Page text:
Group pushes for Clark airport
ANGELES CITY—The Partido Abe Kapampangan on Saturday denounced an official of the International Air Transport Association (Iata), saying a foreigner has no right to dictate on the government’s airport policy and strategy.
Tony Tyler, Iata chief executive officer, “lacked expertise to speak on airport development as he is primarily a representative of profit-oriented commercial airlines,” said Alex Cauguiran, Abe Kapampangan president and former executive vice president of the state-owned Clark International Airport Corp.
Tyler had said in reports that the Clark International Airport (CIA) was too far from Metro Manila and that constructing a high-speed train connecting Clark to Metro Manila was costly.
“Indeed, we suspect that Mr. Tyler is just another one of a long line of lackeys of some vested interest groups opposed to the full development of [CIA] as our country’s future premier gateway,” Cauguiran said in a statement.
Abe Kapampangan supports the relocation of the Ninoy Aquino International Airport to the CIA. “[Abe] expresses its strong agreement and solid support to the avowed policy of President Aquino to push forward with the development of [CIA] as the only viable and practical option as the Philippines’ new and modern international gateway,” Cauguiran said.
Tyler, he pointed out, is a “foreigner [who] has no right to dictate [on our President] as to what should be our country’s best airport development policy and strategy.”
He said the recommendations of the Iata official to “make a hub airport for Manila a priority” was a “veiled endorsement” of the plan of the Philippine Airlines to build its own airport near Metro Manila, possibly in Bulacan.
Cauguiran said the viability and practicability of CIA had been confirmed by studies made by Pacific Consultants International in 2005, Korea International Cooperation Agency in 2008, Aecom in 2010 and the Japan International Cooperation Agency (Jica) in 2011.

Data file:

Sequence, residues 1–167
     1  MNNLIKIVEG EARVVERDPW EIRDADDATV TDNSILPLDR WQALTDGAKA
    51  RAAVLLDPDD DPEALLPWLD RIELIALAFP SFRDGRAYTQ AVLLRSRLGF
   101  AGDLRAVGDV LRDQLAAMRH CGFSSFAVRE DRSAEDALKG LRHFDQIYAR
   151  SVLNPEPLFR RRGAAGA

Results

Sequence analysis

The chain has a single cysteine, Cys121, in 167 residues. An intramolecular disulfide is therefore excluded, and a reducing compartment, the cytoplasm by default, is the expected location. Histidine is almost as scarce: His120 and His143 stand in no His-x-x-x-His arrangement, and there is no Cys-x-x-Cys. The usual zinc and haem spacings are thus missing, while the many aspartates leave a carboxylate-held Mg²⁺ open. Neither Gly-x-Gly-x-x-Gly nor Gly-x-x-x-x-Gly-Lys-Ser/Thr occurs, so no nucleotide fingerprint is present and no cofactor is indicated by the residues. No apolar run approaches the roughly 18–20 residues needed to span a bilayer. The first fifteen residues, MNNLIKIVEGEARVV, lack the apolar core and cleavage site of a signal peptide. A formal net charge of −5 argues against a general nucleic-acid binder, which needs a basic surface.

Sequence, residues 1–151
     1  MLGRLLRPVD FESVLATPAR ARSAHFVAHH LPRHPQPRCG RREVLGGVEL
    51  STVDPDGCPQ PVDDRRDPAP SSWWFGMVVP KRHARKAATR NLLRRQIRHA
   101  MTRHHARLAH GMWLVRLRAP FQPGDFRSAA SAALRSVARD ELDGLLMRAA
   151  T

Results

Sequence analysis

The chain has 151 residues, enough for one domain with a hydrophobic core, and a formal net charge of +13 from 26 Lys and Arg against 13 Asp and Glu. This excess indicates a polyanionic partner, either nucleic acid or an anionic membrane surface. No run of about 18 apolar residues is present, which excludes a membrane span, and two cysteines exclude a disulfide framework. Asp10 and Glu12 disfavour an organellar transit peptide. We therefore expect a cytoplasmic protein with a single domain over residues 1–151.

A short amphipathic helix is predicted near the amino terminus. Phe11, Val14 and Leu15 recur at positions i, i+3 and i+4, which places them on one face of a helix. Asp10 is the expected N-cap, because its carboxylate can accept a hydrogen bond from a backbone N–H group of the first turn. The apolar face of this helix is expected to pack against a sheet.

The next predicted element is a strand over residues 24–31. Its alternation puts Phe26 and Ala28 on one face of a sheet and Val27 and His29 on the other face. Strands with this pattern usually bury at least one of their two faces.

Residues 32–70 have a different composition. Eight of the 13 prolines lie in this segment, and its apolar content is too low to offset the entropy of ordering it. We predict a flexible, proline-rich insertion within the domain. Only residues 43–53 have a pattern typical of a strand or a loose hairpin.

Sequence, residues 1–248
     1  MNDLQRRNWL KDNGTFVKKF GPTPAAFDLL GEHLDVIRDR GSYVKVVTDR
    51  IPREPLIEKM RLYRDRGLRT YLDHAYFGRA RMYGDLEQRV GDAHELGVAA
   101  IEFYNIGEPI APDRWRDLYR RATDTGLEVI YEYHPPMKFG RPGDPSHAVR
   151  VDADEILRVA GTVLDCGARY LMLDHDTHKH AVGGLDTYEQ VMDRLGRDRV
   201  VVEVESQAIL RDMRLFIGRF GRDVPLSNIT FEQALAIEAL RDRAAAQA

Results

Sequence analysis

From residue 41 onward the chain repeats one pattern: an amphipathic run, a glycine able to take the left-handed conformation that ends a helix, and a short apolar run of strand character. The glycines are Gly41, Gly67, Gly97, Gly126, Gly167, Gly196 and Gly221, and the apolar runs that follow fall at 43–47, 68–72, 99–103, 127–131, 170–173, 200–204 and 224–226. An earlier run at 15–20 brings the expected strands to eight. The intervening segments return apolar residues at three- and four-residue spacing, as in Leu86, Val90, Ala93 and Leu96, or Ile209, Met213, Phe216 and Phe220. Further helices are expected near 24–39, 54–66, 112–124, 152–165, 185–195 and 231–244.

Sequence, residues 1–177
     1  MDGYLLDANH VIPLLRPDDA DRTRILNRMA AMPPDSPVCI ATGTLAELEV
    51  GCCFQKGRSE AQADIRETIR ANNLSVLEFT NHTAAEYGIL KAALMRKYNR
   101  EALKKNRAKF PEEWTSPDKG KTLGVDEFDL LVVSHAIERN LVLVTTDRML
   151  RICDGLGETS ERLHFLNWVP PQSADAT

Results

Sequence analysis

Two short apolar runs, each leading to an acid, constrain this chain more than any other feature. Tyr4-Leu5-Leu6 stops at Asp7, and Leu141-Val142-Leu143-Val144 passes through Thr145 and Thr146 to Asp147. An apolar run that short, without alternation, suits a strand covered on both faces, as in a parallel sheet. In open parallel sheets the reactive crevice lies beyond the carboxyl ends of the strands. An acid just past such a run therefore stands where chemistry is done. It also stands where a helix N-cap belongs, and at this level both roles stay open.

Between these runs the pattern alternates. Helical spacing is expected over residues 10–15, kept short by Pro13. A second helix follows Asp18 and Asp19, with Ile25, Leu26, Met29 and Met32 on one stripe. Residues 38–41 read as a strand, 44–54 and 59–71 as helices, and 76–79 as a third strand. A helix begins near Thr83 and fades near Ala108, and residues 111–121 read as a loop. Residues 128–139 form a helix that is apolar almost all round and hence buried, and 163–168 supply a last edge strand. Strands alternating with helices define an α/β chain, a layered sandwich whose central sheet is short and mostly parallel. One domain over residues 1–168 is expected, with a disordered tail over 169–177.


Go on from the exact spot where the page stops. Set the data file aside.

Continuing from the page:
The Jica study found that of six locations, the CIA “proved to be developable in a relatively short period of time because of its readily available significant land area.”
It recommended that “in order to ensure that the future [CIA] compares well with other Asian gateway airports, there is a need to significantly improve accessibility between CIA and Metro Manila.”
“The disadvantage of its remoteness could be overcome by offering a short travel time between Metro Manila and CIA through a modern airport express rail link,” the study said.
“We believe, just like the findings of Jica, that given the right political will and unity of purpose of our entire national and local government bureaucracy, the full development of [CIA] including the necessary accessibility infrastructure, can be completed within seven years,” Cauguiran said. Tonette Orejas, Inquirer Central Luzon
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